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How to Develop Self-Awareness to Enhance Your Sports Performance

“The most important conversations you’ll ever have are the ones you’ll have with yourself.”

David Goggins


Self-awareness is the foundational skill of emotional intelligence. It is the capacity to notice messages the body is constantly sending; to be aware of your emotional experience, and understand how thoughts, feelings and emotions impact your judgements, overall wellbeing, and sporting performance. Cultivating self-awareness also helps you to understand how your behaviour impacts those around you.  

Why It Matters 

The renowned high-performance psychologist, Michael Gervais, once said in his popular podcast that self-awareness is the most important skill any performer can develop. The tennis legend Billie Jean King supported this notion when she said “I think self-awareness is probably the most important thing toward being a champion”.   

The more you know yourself - what you’re good at, not so good at, what you need to do to get better, and how your thoughts and emotions influence your behaviour, the better you will become at managing your behaviour under pressure and producing your best performances more often.  

And the exciting thing? Self-awareness is a skill that can be honed and developed with practice and our cutting-edge mobile app, HeadCoach, can help you build it, brick by brick.  


What Does Self-Awareness Look Like?  

Recently, I was speaking to an elite ski jumper from the US and I asked her what the most important emotional skills were that have helped her get to where she is today. She said there were two – self-awareness and self-regulation. I then asked her to give me an example of what self-awareness looks like to her. She responded, “over the years, I’ve started to understand what helps me be in the right emotional state to perform. I now know what kind of support I need from my coach before competitions and the type of music that relaxes me, getting me into the optimal headspace.”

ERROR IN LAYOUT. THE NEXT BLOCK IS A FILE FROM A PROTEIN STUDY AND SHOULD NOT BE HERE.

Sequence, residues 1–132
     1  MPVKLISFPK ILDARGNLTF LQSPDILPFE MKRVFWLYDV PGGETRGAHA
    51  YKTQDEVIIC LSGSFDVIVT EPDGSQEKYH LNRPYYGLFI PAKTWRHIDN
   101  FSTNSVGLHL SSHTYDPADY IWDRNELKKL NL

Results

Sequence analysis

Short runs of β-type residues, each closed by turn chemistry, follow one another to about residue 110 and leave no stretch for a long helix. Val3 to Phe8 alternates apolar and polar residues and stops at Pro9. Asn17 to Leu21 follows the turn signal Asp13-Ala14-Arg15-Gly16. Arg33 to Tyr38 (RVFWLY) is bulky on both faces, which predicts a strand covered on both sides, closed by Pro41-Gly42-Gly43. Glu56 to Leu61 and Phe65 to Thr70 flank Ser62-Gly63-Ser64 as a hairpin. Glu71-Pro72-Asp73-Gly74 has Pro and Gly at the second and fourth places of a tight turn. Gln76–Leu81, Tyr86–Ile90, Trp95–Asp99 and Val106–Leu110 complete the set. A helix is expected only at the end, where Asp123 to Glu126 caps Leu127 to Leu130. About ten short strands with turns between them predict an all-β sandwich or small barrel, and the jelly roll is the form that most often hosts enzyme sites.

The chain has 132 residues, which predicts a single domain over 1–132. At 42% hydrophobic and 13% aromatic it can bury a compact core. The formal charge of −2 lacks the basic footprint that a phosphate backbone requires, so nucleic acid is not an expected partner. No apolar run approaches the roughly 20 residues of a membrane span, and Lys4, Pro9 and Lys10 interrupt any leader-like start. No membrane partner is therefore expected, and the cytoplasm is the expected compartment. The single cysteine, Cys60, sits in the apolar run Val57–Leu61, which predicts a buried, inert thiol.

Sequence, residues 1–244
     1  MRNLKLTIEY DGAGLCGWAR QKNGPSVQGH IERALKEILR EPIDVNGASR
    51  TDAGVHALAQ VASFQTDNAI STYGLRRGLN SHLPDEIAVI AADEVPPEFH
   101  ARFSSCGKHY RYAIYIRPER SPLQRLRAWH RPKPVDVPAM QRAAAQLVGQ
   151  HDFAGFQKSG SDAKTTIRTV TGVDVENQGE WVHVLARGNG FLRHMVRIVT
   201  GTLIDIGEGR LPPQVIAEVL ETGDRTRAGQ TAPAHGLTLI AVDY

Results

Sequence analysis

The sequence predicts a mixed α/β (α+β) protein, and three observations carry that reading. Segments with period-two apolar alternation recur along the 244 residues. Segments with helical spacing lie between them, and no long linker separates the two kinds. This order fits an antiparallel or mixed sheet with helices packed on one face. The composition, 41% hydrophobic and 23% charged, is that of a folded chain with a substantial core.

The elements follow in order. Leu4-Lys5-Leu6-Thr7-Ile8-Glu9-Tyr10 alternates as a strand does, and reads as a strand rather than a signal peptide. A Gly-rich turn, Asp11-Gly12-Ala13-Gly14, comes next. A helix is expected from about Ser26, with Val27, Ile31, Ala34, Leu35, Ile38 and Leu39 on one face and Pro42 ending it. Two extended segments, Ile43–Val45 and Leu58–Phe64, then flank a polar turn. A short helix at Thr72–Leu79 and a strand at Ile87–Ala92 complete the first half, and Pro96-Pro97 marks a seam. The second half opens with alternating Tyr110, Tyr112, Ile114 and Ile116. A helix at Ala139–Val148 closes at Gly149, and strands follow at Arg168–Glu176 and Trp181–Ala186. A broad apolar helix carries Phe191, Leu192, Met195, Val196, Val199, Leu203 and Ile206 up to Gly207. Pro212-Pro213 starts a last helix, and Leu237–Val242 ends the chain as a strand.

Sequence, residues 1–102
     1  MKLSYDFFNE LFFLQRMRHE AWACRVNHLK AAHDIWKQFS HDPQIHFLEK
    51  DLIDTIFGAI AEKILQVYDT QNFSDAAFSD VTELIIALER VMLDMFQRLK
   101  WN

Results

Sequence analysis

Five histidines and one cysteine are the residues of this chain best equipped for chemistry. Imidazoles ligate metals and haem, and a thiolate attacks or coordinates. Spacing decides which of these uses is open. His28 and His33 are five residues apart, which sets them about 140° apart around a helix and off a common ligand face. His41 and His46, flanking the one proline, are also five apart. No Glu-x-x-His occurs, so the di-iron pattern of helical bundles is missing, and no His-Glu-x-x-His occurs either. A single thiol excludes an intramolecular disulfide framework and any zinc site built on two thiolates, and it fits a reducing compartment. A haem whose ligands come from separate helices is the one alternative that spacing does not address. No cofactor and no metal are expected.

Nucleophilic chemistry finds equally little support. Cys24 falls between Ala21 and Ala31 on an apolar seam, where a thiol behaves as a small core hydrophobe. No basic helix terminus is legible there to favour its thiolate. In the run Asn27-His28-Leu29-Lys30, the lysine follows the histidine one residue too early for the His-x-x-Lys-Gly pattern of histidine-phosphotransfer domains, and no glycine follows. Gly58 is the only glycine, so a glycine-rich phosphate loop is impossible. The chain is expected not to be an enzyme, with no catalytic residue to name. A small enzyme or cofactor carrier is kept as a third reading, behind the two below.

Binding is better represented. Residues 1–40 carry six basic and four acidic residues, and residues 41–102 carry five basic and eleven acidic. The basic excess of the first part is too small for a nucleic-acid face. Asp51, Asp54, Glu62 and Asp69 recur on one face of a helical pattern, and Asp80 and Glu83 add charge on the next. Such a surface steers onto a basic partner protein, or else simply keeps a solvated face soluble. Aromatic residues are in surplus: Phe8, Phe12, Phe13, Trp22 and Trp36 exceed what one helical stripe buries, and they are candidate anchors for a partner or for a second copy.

Strategies to Build Self-Awareness  

  • Ask someone you trust what they notice about your behaviour. Ask them what you’re good at, what your blind spots are, and what hinders your performance.  

  • Tune into physical sensations to become aware of your feelings when you are confronted with new or challenging performance moments. Do you have a dry mouth? Sweaty palms? Butterflies in your stomach?  

  • Listen to and notice your inner voice – is it helpful and rational? For example, “I have prepared to the best of my ability, I can’t do much more than that.” Or unhelpful and irrational? E.g. “I’m really bad against  this type of opposition, this is going to be a hard day.” Noticing this is the first step to taking charge of it.  

  • Engage in regular self-reflection. Write down your thoughts and feelings after training. Evaluate your performance – did you achieve your intentions? What went well? What didn’t go well? What do you need to improve moving forward? 



Are you doing everything within your power to be the performer you strive to be? Do you regularly work on your mental and emotional skills as well as your physical capabilities and technical ability? For most, the answer is no. But even if the answer is yes, check out HeadCoach and get access to a science-backed tool proven to enhance emotional intelligence skills and improve wellbeing and performance. 

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